The battle between cops and the communities they police has come to the forefront of the national consciousness in the past several years. While most protestors don’t want to do away with police forces and police forces aren’t against all protestors, the dialogue between the two sides has become so strained that it feels like meaningful reform of a broken system has become all but impossible. Peter Nicks’ documentary The Force attempts to bridge the gap a bit by detailing the training and procedures cops follow on a daily basis as the Oakland Police Department tries to reform in the face of massive scrutiny. While the film thankfully never lapses into a “Blue Lives Matter” screed that ignores the legitimate complaints of opponents, it also never provides a satisfying explanation as to why police departments fail.
Beginning in the fall of 2014, Nicks was embedded with the Oakland Police Department as it tried to undergo reforms under the supervision of Police Chief Sean Whent. Through footage of Whent as well as classes at the police academy, Nicks shows police are well aware of public perception, especially that any wrongdoing by one officer is taken as wrongdoing by the entire department. As Whent tries to rebuild trust with the public, he seems to be making headway until a series of scandals threaten to unravel everything he’s worked for.
The Force is an important documentary if, for no other reason, it establishes a level of understanding with what cops go through on a daily basis. The film could probably stand as a miniseries, with episodes focused on training, policing, community outreach, etc. As it stands, The Force tries to pack in a lot of content into its relatively short runtime. It’s interesting to see cops at the academy debate the use of force and undergo training like inhaling tear gas so that they’ll know what it’s like if they ever have to deploy it. We also see Whent stress to the community the department’s priorities, and that while they’re not indifferent to robberies and non-violent crime, stopping violent crime must be the top priority given their limited resources. Whent also shows himself to be a strong advocate of transparency, especially with regards to the use of body cam footage.
Which is why the film becomes so frustrating in its final third as the department falls apart to darkly comic effect. (Spoilers ahead, I guess, although these events were reported in the news) Whent is forced to resign amidst a sexual misconduct scandal involving officers and an underage prostitute. If that’s not bad enough, the interim chief is dismissed after only a few days when it’s discovered that he’s been having an affair. A third chief is brought in only to also leave the role after only a few short days. The department goes through three police chiefs in nine days, and we’re left to wonder how close Whent came to achieving any of his goals when everything could crumble to darkly comic effect.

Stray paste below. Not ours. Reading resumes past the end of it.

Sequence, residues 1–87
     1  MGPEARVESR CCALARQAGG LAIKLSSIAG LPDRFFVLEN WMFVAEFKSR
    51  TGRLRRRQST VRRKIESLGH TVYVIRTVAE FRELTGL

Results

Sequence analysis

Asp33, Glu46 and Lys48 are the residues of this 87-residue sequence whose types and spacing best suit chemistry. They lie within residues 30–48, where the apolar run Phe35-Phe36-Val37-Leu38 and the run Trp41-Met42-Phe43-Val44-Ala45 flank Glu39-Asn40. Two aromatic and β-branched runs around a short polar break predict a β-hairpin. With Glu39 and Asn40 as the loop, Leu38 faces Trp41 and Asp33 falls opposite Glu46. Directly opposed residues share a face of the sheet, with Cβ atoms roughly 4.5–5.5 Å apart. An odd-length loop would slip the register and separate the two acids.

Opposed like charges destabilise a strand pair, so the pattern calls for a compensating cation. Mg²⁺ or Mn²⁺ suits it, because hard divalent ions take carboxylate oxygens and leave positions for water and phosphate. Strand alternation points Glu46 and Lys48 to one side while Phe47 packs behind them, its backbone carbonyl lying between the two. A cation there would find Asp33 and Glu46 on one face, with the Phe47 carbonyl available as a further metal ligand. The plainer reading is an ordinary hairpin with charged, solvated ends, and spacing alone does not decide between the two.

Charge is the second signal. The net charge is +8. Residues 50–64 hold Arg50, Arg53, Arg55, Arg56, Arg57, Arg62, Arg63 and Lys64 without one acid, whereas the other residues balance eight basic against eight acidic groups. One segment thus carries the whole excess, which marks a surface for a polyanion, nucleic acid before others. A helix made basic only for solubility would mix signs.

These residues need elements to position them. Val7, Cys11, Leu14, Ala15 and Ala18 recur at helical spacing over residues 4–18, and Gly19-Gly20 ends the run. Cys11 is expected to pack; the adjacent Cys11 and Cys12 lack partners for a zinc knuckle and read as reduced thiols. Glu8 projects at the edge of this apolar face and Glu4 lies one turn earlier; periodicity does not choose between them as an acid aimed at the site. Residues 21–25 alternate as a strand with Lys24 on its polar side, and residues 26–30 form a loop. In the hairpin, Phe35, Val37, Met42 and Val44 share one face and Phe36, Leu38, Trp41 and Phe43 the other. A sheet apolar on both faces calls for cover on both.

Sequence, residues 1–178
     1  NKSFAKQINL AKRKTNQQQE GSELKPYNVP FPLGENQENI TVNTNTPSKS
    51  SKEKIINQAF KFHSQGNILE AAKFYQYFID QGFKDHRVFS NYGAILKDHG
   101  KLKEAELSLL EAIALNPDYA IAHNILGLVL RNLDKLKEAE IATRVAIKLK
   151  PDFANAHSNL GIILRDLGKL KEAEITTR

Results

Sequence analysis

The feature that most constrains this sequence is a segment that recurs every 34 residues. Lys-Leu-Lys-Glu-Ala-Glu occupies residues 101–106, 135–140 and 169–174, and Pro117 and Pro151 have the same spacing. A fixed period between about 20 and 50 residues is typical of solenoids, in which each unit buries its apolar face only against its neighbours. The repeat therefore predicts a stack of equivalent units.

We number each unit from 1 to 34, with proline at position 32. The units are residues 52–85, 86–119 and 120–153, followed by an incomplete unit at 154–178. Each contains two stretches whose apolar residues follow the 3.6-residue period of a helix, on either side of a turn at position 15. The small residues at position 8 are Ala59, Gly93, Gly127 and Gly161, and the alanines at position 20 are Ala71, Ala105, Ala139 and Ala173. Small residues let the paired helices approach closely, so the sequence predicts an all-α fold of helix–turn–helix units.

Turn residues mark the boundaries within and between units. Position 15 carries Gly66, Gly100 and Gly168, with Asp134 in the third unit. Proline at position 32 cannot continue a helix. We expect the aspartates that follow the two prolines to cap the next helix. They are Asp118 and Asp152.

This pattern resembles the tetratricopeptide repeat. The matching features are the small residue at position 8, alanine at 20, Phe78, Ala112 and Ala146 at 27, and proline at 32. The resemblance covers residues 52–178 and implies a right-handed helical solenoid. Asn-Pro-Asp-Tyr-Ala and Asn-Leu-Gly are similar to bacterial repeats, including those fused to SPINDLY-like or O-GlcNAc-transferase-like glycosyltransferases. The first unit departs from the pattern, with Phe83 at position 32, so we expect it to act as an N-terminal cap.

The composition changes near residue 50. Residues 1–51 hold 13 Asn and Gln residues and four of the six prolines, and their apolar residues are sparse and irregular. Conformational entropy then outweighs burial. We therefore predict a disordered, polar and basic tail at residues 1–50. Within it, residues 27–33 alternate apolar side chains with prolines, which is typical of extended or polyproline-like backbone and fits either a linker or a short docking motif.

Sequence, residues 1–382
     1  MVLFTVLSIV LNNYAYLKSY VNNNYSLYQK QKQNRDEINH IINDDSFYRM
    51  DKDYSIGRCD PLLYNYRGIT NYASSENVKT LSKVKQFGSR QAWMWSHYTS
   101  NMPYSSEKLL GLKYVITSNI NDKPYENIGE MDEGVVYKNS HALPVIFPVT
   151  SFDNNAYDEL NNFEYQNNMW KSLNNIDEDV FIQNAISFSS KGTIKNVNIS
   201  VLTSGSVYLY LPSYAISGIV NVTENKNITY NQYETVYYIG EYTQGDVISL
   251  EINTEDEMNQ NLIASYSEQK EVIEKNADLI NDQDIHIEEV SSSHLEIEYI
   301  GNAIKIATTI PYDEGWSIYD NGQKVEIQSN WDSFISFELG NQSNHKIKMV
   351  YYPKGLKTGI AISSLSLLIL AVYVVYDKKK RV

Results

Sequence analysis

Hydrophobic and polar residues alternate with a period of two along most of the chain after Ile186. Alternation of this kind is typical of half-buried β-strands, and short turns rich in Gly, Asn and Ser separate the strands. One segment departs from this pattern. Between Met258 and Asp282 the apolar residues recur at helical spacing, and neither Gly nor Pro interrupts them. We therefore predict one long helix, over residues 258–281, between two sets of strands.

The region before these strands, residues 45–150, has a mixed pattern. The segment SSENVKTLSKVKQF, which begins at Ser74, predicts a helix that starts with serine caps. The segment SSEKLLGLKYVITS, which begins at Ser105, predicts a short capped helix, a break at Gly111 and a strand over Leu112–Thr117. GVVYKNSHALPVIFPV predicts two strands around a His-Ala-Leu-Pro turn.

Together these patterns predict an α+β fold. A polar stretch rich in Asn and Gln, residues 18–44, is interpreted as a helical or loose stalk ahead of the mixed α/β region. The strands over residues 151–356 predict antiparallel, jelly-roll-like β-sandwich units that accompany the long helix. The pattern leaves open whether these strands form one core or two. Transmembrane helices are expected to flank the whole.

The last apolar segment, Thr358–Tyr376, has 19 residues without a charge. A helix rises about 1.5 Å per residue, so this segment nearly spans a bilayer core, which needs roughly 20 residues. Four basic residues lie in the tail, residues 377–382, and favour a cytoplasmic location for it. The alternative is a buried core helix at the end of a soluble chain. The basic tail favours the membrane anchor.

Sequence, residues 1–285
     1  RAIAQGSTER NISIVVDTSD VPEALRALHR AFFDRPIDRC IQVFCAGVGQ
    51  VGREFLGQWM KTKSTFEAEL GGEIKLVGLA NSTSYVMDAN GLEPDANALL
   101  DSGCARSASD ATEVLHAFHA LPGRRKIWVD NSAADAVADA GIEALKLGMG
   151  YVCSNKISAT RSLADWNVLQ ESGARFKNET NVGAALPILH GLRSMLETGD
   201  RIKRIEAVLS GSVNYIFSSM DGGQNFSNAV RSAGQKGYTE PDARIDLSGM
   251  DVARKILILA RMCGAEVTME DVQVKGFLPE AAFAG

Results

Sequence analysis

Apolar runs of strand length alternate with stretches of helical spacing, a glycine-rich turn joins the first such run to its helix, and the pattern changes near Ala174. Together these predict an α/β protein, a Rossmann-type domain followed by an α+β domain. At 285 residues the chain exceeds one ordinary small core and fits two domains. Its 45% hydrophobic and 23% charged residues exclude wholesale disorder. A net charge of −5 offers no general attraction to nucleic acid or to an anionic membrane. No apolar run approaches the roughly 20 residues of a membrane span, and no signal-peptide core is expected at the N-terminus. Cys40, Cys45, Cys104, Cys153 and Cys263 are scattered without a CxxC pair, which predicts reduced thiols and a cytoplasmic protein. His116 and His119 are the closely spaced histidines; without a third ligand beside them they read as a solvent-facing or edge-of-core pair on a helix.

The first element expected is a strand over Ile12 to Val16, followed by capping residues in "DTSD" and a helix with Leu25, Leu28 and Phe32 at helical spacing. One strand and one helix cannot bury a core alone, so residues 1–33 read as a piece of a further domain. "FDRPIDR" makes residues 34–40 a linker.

Despite spending two years with the Oakland Police Department, Nicks never seemed to obtain any answers on how the idealistic cops at the academy become cops who use excessive force or would solicit an underage prostitute. The stakes are made exceedingly clear at the academy and Whent is honest and straightforward with OPD’s priorities, so where was the disconnect? How did it all fall apart so badly and so quickly? The Force offers no answers, which means we’re left to wonder if reform is even possible if we don’t know the root causes of police misconduct.
Although the documentary promises an in depth look at modern policing in a major city, The Force feels like it only scratches the surface of what the subject matter requires. Perhaps it was naïve to think that a 90-minute documentary could adequately explore the complexities of policing, and while The Force provides a solid start, I hope that Nicks’ or others will continue his investigation because we need answers before we can start finding solutions.
The Force does not currently have a release date.